Ski Haus plan is OK’d |

Ski Haus plan is OK’d

Brent Gardner-Smith

The Little Red Ski Haus won approval Monday for an extensive renovation under the city of Aspen’s Lodge Preservation District.

The zoning regulations were designed to encourage the dwindling number of ski lodges in Aspen to stay in business instead of turning into multimillion-dollar townhomes.

One way the zoning does that is by waiving the city’s employee housing requirements.

And in the case of the Little Red Ski Haus, the regulations may have done that, but the lodge on East Cooper Avenue will not be quite the same as it was throughout its almost 40-year history as a ski lodge.

The Ski Haus once offered guests 22 dormitory-style rooms with bathrooms down the hall. It made for an inexpensive and social place for skiers to stay in Aspen.

But when Marge Babcock, who had operated the lodge since 1962, decided to sell, it almost went the way of many other small lodges in Aspen.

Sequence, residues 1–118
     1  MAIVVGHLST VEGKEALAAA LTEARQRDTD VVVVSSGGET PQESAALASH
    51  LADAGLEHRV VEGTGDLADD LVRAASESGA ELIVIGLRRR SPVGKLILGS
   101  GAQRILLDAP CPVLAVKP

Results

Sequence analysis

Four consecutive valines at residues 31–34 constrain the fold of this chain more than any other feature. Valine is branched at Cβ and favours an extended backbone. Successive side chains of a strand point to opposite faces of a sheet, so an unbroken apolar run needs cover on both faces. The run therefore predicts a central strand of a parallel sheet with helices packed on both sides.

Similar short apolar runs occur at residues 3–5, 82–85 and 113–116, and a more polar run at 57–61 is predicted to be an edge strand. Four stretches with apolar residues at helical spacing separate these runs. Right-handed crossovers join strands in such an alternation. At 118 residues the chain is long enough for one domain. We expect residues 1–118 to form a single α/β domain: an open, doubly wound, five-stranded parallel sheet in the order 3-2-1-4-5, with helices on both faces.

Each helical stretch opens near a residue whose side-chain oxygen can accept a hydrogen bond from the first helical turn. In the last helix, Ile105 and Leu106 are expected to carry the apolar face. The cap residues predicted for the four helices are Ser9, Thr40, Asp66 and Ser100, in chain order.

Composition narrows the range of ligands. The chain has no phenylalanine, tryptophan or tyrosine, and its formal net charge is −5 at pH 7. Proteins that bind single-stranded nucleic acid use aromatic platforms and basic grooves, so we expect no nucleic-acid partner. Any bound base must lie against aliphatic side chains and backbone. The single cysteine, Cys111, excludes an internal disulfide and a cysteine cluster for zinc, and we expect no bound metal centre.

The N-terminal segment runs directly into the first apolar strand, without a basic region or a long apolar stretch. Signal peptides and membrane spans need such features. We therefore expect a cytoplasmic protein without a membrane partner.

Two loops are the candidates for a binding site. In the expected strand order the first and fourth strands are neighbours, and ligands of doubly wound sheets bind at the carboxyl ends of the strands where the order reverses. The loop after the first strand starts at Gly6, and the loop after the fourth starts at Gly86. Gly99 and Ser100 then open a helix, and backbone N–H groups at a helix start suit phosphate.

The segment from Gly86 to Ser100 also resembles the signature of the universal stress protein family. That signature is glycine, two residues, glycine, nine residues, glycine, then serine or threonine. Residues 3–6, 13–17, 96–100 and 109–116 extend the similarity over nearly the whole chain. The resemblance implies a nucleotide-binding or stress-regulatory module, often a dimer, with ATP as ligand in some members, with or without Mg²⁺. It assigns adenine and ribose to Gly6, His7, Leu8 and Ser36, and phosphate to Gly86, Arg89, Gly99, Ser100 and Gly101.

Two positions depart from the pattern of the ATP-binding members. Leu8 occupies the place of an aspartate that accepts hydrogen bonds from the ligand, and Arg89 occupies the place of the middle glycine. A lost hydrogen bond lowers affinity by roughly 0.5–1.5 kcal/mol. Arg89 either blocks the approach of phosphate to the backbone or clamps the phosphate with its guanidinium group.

Except that Babcock was determined to find a buyer who wanted to keep the Ski Haus as a lodge.

The house, which was built in 1880, is a historically designated property.

Late last year, a group of investors led by Chicago attorney David Fiore purchased the property and were given a temporary use permit to run it as a lodge for the winter.

Last night, the group was given final approval by the city for a plan that will slightly alter the exterior of the 6,000-square-foot building but radically change the inside.

Instead of 22 dorm rooms, there will be 14 lodge rooms, each with its own bathroom.

And while Fiore said that some of the beds in the lodge will still be rented for as low as $60 a night during peak season, other rooms will command up to $399 a night.

The approval on Monday will allow the owners of the Ski Haus to add a hot tub onto a second-story deck in the back of the building. To alleviate neighbors’ concerns about noise from the hot tub, the owners agreed to close the tub at 9:30 p.m.

The approvals also allow for a full basement to be dug out to provide a dining area for lodge guests. And while the dining area cannot be advertised to the public, much like the cozy bar in the Hotel Lenado, it will be open to the public.

On the exterior of the house, the owners plan to remove additions made to the house in the 1960s and add a new carport in the back of the house, boosting the lodge’s parking from one space to three.

The plans to renovate the building have been approved by Aspen’s Historic Preservation Commission.

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